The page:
And in a 2018 Florida State University College of Medicine study, loneliness was shown to increase the risk of dementia by 40 percent.
Additionally, loneliness increases the risk of depression, and failure to treat depression is estimated to account for 4 percent of dementia occurrence.
As people age, the likelihood of becoming socially isolated increases due to loss of loved ones, lack of family, loss of social contacts due to retirement, and declining health. According to the AARP Public Policy Institute, social isolation among older adults will cost Medicare $6.7 billion in federal spending annually. The AARP seeks to raise awareness and to highlight the risk factors for loneliness and social isolation with their fact sheet.
The Importance of Social Interaction and Staying Connected
Studies show that social interaction (and other modifiable lifestyle factors such as getting enough sleep, exercise, and eating a healthy diet) can prevent the risk of dementia globally by 35 percent. And research showed that dementia prevention was even greater in low-income countries: India (41%), China (40%,) and a sample of Latin American countries (56%).
It is important for people to regularly engage in meaningful social interaction to maintain their brain health at all ages. A study conducted by Dr. Lisa Berkman of Harvard University found that socially active individuals experienced less decline in memory. Those with the highest sociability reported half as much memory loss compared to those least social. Despite factoring in other demographics like age, gender, race, and health, the statistics remained unchanged.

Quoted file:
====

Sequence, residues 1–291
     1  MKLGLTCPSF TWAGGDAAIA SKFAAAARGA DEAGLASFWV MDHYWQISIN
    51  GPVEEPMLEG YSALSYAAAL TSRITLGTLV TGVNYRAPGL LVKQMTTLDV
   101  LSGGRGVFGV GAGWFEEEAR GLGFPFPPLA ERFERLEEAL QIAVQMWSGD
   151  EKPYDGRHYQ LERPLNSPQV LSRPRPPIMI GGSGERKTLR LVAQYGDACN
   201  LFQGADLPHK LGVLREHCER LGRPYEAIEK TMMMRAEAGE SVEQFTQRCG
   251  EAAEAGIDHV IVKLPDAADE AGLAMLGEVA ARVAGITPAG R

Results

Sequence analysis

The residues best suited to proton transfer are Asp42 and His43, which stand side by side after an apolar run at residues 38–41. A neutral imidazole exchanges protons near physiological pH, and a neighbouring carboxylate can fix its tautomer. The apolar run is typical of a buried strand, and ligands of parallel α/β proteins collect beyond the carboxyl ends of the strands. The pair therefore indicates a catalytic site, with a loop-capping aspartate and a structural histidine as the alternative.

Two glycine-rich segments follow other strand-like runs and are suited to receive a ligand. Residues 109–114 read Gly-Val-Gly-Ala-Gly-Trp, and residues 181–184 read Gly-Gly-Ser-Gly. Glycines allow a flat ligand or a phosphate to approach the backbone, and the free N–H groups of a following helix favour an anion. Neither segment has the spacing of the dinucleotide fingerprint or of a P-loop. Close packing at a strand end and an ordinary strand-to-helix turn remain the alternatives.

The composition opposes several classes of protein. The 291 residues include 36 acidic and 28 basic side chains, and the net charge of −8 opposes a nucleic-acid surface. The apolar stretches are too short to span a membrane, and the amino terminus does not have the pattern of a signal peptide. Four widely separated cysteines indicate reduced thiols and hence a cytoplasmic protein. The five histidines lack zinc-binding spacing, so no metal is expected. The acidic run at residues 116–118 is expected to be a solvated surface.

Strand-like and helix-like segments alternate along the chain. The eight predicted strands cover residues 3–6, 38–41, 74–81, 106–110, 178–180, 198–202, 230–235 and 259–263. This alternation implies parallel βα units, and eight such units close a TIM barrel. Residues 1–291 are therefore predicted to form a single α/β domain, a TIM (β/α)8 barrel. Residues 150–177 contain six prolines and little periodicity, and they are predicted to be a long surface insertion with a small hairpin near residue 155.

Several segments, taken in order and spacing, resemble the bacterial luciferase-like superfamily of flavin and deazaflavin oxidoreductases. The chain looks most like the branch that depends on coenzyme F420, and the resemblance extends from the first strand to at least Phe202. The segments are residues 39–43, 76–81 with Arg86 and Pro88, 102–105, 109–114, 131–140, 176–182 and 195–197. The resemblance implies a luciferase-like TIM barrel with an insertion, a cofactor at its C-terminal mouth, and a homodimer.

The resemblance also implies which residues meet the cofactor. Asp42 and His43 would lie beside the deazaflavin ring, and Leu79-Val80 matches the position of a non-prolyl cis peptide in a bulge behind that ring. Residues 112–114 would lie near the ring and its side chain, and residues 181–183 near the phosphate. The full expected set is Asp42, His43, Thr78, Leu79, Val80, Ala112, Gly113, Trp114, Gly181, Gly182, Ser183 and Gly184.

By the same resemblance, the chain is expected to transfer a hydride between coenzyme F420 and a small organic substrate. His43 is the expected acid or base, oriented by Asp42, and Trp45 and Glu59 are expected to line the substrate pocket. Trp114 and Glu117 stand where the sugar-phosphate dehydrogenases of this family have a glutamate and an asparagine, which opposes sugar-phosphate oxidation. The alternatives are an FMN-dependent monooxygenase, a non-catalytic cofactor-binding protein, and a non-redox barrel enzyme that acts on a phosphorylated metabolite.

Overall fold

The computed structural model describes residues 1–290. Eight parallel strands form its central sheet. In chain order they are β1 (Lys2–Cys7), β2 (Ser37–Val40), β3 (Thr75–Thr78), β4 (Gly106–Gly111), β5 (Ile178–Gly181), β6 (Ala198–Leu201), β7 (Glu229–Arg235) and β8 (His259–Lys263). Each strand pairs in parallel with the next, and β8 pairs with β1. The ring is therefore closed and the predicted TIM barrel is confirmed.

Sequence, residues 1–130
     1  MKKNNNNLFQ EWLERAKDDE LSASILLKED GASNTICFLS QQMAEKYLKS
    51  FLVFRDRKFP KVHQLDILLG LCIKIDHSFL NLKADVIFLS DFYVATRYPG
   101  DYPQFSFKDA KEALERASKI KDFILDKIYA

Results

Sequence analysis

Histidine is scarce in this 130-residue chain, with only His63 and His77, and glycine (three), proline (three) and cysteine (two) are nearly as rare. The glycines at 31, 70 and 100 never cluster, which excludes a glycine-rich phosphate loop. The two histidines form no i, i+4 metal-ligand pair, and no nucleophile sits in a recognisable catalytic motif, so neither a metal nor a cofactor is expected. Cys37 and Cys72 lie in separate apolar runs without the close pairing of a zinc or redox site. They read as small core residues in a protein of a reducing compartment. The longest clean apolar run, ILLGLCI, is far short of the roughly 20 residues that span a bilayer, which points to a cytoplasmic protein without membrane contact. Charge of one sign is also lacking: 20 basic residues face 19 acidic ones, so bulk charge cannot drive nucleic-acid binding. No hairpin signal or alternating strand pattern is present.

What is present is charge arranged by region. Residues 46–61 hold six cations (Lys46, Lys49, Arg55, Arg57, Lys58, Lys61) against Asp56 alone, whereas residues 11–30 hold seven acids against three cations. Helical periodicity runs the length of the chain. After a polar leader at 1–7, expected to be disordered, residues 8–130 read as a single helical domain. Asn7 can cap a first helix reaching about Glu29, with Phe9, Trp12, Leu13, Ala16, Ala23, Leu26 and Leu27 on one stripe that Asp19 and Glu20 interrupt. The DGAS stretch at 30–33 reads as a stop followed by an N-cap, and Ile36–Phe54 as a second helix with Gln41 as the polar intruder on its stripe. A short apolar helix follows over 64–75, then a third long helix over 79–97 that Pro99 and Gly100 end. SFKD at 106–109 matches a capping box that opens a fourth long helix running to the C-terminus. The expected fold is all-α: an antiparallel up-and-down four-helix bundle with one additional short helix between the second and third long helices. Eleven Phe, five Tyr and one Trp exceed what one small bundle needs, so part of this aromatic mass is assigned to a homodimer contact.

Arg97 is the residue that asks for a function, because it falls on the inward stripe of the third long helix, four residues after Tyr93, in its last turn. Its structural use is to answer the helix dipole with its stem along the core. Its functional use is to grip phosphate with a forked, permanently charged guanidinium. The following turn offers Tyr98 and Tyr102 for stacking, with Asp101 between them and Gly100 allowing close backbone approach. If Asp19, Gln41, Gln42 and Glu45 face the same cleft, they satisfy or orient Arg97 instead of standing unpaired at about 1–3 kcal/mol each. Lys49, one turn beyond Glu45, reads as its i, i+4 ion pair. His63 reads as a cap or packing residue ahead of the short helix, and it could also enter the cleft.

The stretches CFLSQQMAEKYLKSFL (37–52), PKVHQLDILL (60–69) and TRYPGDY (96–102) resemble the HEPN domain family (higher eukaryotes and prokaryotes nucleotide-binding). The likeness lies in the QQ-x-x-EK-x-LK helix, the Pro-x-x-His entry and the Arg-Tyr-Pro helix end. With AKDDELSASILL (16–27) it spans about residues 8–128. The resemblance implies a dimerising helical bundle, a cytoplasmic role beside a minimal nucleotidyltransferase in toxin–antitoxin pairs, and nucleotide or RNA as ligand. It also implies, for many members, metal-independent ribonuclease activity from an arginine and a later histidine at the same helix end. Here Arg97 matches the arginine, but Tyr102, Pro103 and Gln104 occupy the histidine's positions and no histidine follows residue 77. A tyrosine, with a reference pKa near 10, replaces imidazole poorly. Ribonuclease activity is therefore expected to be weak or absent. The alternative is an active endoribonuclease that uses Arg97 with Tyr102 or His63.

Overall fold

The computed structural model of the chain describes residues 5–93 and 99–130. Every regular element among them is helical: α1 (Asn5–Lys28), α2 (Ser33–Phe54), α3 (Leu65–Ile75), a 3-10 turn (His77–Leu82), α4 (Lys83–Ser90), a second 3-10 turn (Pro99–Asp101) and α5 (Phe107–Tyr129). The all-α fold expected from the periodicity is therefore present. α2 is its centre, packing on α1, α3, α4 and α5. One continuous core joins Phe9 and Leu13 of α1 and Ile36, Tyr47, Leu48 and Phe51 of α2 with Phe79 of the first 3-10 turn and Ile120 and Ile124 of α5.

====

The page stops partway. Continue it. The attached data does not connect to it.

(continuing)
If shelter-in-place continues, and physical social gatherings or activities are not a possibility, there are many other ways and virtual activities available to feel connected, less lonely, and improve cognitive health. Jonathan Kanter, director of the Center for the Science of Social Connection at the University of Washington encourages video chats and calling regularly to check in with friends and family. The National Institute of Health determined that just 10 minutes of daily social interaction increases performance on cognitive assessments and can give an important cognitive edge as we age.
I am a huge proponent of connecting with friends and loved ones to improve cognitive health. However, it is important to note that just because a person is surrounded by people does not mean they will feel less lonely or that the likelihood of dementia decreases. For both boxes to be checked, individuals must be engaged and participate in social activities outside of the family, so just living with family members does not provide the right type of social interaction to assure cognitive benefits.